As the Planet has reported, the project at 1885 University Ave. was tentatively approved by the Zoning Adjustments Board (ZAB) at its Dec. 14 meeting and is scheduled for a final vote on Jan. 11 (note there will be no further public hearing). Had I stayed on ZAB, the project would not have been approved as currently proposed, but my council member dismissed me and saw fit to appoint a pro-development person to the board, who found the project more to his liking than I ever had.
I do not question Mr. Wozniak’s right under existing law to remove me from ZAB. I do wonder whether the current law is a wise one; essentially it means that Berkeley Commissioners must be rubber stamps for the council members who appoint them. They are effectively prevented from exercising their own independent judgment in the interest of the city as a whole.
If ZAB is neutralized, who is left to objectively analyze developer proposals? Certainly not the planning department which is funded by permit and other fees paid by the developers themselves.
Trader Joe’s is a classic example; it is 20,000 square feet larger, and has 25 more apartments than allowed by our zoning laws and the state Density Bonus law. The developer proposed Trader Joe’s as the anchor tenant for this development only after the neighborhood had derailed the original monster project. He evidently felt (correctly, it seems) that a popular tenant on the ground floor would cause the public to overlook all the other defects.
City planning staff worked hand-in-hand with the developer, and supplied a lot of creative thinking. For example, the Trader Joe proposal was called a “modification” of the earlier, rejected project. This allowed ZAB to ignore the more stringent, neighborhood oriented rules that have come into effect in the meantime. It is another sad example of how our city’s zoning law is twisted and shaped to deliver larger and larger buildings—which may be what staff believes in, developers profit from, but which is not what the citizens want.
If the Trader Joe’s project had been subject to existing zoning laws, it would be a project with 82 units, 16 of those affordable. If the state Density Bonus law were applied the project would go to 111 units with 16 affordable units reserved for very low income households. Instead, ZAB has allowed the developer to reduce the required open space by 75 percent, and has relaxed the affordability requirement. Final result: ZAB approved a project with 148 units, with 19 supposedly “affordable” units, of which only half are reserved for very low income families.
On Nov. 19 I asked planning staff to answer a number of questions. I also asked how the project had gotten so close to approval without any of the information we would normally expect for a proposal of this size. The answers were not forthcoming and three weeks later I was dismissed from the board. I include some of my questions here so you can judge their validity for yourself.
1. Total Size: Where are the base project calculations for this project? At this time none had been provided. Instead it was left to ZAB itself to discover that the project involved five stories, rather than the three that would have been allowed without a use permit, and that total units exceeded both state and local limits.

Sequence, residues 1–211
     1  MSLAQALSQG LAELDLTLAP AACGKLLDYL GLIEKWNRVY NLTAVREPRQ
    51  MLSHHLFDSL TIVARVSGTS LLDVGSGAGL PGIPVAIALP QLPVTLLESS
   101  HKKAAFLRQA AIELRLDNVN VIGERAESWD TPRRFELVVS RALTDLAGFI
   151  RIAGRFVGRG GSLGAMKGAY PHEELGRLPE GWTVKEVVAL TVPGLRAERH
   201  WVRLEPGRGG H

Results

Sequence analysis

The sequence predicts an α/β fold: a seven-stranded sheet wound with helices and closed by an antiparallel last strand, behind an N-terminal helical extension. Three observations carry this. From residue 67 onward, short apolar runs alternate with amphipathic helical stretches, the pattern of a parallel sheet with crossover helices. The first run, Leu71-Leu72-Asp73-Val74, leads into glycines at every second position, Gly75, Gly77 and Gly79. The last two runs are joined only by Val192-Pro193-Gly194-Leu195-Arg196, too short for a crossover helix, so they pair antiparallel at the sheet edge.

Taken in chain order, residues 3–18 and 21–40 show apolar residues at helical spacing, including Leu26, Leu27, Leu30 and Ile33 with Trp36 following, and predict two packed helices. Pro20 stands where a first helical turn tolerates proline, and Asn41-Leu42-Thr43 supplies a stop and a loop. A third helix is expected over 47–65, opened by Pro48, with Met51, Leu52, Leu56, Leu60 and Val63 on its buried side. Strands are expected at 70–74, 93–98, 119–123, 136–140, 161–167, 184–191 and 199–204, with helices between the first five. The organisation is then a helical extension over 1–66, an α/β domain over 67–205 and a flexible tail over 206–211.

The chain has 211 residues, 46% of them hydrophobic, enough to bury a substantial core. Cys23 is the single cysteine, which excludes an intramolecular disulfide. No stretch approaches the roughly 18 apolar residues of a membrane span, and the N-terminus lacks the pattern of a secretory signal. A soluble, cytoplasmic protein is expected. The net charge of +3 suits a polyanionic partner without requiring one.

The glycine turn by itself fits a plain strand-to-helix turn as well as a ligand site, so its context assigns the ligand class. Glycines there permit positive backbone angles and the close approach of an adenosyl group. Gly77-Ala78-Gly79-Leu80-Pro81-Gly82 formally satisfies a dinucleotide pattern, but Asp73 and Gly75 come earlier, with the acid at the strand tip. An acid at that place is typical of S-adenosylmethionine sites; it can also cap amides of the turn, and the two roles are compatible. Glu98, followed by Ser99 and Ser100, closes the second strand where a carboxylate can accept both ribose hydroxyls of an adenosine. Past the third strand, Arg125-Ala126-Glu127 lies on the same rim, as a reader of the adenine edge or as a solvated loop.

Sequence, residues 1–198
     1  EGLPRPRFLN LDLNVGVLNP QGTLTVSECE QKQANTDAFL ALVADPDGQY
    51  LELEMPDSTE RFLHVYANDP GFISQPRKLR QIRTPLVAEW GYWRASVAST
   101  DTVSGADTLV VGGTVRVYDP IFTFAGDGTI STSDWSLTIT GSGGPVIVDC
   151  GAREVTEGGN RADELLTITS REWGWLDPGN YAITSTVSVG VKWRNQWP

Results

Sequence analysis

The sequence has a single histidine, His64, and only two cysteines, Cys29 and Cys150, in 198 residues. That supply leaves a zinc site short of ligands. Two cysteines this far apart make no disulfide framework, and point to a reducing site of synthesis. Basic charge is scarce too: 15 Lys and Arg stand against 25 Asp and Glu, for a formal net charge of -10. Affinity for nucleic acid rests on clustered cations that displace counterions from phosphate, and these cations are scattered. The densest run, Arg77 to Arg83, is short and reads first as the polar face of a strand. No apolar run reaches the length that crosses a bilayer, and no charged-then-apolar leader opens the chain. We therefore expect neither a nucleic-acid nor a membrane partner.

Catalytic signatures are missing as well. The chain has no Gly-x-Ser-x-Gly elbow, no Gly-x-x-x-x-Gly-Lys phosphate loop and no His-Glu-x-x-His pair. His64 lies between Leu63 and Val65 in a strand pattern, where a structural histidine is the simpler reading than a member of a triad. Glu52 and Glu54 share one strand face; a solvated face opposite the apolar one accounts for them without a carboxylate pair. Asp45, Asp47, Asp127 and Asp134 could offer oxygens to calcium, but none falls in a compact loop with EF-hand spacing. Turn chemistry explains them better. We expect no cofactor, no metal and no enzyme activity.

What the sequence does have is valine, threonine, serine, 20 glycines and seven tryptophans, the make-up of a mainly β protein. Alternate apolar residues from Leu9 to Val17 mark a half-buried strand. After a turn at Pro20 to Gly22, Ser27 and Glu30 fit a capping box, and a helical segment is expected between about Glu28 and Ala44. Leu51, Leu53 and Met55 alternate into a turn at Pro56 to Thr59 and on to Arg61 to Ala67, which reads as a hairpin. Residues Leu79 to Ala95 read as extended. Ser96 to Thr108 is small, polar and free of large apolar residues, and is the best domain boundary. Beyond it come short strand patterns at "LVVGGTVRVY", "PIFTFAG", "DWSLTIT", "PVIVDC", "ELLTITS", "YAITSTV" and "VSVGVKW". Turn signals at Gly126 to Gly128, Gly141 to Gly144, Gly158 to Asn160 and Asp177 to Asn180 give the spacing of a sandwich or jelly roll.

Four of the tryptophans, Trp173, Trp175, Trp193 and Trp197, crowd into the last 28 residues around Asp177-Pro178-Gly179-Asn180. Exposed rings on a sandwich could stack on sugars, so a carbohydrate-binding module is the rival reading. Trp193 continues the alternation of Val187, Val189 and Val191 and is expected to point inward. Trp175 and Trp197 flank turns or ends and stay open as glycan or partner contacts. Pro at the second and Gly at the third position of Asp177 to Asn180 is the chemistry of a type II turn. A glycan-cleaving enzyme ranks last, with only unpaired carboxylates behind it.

2. Commercial Space. The project includes a cafe, which would normally entail added parking requirements. So far as we can tell, no added parking has been reserved for use by cafe employees and customers.
3. Setbacks: Why has staff approved reduced set backs along Berkeley Way? The impact on the neighborhood is already too great. Why make the situation worse?
4. Open Space: Are we going to lower our current standards by 75 percent? How does this make a project “green” to build to the sidewalk? And once having waived the open space requirement for this development, how would the city be justified in imposing it on competing projects?
5. Nearby Residences: The traffic barrier should be placed in the C1 zone between existing residences and the development—not in a place which separates existing homes from their neighbors. If this requires the entrance to be moved further east, so be it.
I find it interesting that planning and most of the elected officials consider me to be anti-development. This simply is not true. I am only asking questions which any conscientious commissioner should ask before any project is approved. For example:
1. What is the project being built for? More student housing? Or are the room sizes big enough for families? Doesn’t the city need a standard?
2. How does the project affect shadows, light, air quality, views, etc. in the surrounding neighborhood?
3. How are the increased traffic problems to be resolved? Use reasonable and up to date traffic studies to reveal potential problems and solutions.
4. What are the detriments/positives this project brings to our city and neighborhoods?
In most cases, development problems can be mitigated if the planning staff would work with the citizens of Berkeley and the developers. Instead, staff appears to be at the beck and call of the promoters, and avoids the need to mitigate by ignoring detriments entirely.
If the above principles had been applied to the Trader Joe’s project, Berkeley would have gotten a development the neighborhood could have agreed to. Now the project will be appealed to the city council, where it will probably be approved. The result will at best be unhappy citizens and at worse yet another lawsuit. In the end, Berkeley may lose Trader Joe’s because those who are supposed to know better approved a project that is unlikely to survive the courts.
If you want a Trader Joe’s at this location, but within a reasonably sized building, you should write to ZAB and the City Council telling them that you want and support a legal project that will be a positive addition to our city.
Dean Metzger is former member of the Zoning Adjustments Board.